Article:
New efficient engine prototype revealed

Hybrid engines aren't the only way to improve fuel efficiency. Scuderi Group unveiled a cutaway of its Scuderi Split-Cycle Engine prototype at the Society of Automotive Engineers (SAE) 2009 World Congress in Detroit.

The first Scuderi Split-Cycle Engine prototype was revealed at the SAE 2009 Word Congress in Detroit.
The first Scuderi Split-Cycle Engine prototype was revealed at the SAE 2009 Word Congress in Detroit. Scuderi Group

Hybrid engines aren't the only way to improve fuel efficiency. Scuderi Group unveiled a cutaway of its Scuderi Split-Cycle Engine prototype at the Society of Automotive Engineers (SAE) 2009 World Congress in Detroit. The new design is the first major change in engine dynamics since its creation 130 years ago, says Bill Wren, representative for the family-run start-up.

Most conventional internal combustion engines operate using the Otto Cycle. The Otto Cycle uses four strokes of a piston--intake, compression, power, and exhaust--that fire in quick succession using two revolutions of the crank shaft to complete the cycle. This process is only 30 percent efficient, which means you get only 30 percent the energy contained in a gallon of gasoline.

In the Scuderi Split-Cycle Engine, the four strokes are divided over two paired cylinders--one intake/compression cylinder and one power/exhaust cylinder. On a conventional engine, the combustion occurs as the piston is going up. But in the Split-Cycle engine, the piston pair fires after top-dead center, and combustion occurs as the pistons comes down, producing more efficient, cleaner combustion with one cylinder pair and compressed air in the other.

And unlike conventional engines that require two crankshaft revolutions to complete a single combustion cycle, the Spit-Cycle Engine uses just one. It's a new thermal dynamic process that produces less toxins without having to sacrifice any of the power or the torque, according to Wren.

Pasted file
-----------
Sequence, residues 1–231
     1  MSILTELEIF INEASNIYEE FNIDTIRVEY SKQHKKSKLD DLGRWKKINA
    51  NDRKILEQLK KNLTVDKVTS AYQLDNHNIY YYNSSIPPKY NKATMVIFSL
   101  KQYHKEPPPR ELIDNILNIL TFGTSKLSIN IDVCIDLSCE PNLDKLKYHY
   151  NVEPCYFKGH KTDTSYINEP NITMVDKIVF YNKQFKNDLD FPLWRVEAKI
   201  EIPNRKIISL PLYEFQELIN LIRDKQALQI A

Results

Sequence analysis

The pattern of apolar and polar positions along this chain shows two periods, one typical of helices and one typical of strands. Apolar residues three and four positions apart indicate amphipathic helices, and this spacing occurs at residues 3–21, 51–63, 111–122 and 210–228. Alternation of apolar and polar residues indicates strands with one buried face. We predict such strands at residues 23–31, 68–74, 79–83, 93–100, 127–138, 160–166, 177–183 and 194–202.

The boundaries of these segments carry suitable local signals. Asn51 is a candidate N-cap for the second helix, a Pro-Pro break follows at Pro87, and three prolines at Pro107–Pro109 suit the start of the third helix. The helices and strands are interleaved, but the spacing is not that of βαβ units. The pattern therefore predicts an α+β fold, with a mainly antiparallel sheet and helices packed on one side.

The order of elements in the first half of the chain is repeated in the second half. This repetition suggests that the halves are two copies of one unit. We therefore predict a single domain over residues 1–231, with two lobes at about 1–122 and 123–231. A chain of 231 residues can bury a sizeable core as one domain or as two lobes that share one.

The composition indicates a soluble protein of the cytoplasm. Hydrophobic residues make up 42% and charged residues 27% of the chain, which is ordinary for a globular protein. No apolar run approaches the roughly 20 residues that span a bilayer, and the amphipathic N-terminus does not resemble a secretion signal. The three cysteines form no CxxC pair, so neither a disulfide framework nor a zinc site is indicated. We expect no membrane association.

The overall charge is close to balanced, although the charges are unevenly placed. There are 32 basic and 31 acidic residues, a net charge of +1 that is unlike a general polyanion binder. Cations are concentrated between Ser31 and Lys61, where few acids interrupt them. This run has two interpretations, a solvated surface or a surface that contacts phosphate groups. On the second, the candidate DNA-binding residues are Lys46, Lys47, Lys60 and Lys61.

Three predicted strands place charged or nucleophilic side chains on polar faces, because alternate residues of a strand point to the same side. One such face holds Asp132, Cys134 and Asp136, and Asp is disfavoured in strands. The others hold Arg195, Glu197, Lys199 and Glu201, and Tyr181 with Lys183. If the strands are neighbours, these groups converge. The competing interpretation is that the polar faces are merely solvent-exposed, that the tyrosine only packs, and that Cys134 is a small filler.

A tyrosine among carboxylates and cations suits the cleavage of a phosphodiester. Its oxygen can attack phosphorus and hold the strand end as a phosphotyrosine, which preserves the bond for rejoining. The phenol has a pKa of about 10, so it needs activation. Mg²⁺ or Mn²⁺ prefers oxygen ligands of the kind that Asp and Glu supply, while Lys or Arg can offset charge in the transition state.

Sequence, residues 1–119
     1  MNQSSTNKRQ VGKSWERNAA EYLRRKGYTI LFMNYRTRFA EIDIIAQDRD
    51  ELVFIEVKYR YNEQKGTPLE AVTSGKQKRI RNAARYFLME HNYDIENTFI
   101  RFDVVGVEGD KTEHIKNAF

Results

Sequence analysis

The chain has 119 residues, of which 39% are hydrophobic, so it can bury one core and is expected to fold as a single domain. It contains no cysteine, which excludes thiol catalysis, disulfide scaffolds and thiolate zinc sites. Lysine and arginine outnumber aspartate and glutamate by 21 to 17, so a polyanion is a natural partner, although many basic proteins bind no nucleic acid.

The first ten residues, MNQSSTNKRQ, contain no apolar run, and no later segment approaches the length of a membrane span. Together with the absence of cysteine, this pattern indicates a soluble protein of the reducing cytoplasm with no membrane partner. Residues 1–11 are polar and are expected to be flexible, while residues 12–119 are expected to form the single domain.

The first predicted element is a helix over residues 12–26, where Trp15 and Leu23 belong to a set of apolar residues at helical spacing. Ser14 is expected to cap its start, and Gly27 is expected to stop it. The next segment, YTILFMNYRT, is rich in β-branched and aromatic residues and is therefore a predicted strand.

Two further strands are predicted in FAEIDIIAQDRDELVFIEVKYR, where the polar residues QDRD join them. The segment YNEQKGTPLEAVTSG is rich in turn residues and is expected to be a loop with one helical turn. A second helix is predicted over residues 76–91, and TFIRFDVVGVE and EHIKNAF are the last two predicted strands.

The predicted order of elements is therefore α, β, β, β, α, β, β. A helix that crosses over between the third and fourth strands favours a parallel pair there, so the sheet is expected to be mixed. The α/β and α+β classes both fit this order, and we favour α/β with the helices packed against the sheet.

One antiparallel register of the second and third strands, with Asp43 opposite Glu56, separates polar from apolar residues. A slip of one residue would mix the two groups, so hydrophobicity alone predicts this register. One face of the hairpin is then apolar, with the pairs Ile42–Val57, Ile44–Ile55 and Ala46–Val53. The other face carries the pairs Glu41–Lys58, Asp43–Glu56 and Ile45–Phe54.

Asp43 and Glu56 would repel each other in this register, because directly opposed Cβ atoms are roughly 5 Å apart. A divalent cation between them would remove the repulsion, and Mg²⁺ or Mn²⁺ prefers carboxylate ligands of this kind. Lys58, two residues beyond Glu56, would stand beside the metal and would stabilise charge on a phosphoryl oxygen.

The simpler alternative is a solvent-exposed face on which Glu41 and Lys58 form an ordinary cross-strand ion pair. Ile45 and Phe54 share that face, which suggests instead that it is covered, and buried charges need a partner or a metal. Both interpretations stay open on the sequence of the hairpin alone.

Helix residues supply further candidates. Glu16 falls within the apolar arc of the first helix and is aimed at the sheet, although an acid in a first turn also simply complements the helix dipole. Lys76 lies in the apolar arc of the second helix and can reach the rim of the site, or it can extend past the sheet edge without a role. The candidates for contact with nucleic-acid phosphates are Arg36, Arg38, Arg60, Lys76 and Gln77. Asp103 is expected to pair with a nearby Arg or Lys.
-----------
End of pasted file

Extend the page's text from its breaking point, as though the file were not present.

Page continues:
"Because this is the first change to the internal combustion engine, it's really revolutionary," said Wren.

The Scuderi Group's naturally aspirated engine prototype is 5-10 percent more efficient than a conventional engine. But the real fuel savings will come with the next generation of prototypes. The next step for the Massachusetts-based company is to create a turbocharged version of the engine that provides more power. The third prototype will be an even more fuel-efficient air hybrid version.

Conventional hybrid engines store wasted energy as electricity in a battery. With a air hybrid engine, recaptured energy is stored as compressed air, which can power an engine and propel a vehicle. A turbocharged air hybrid engine can deliver increased efficiencies of 20-50 percent, according to the company.

The new design can be used in many applications, cars, buses, and even tractors, said Wren. But manufacturing isn't Scuderi Group's goal. The company's business model is to license the technology to the automakers, who will probably apply their own expertise to the design, gaining more power and possibly more efficiency.

Scuderi Group is in talks with 14 of the world's top-20 engine manufacturers, says Wren. Nondisclosure agreements prevent him from revealing the names of the companies, but according to an article in The Wall Street Journal, Citroen, Honda, Daimler, and Fiat have shown interest in the new design.

This video clip on YouTube explains the Scuderi Split-Cycle Engine in greater detail:

 

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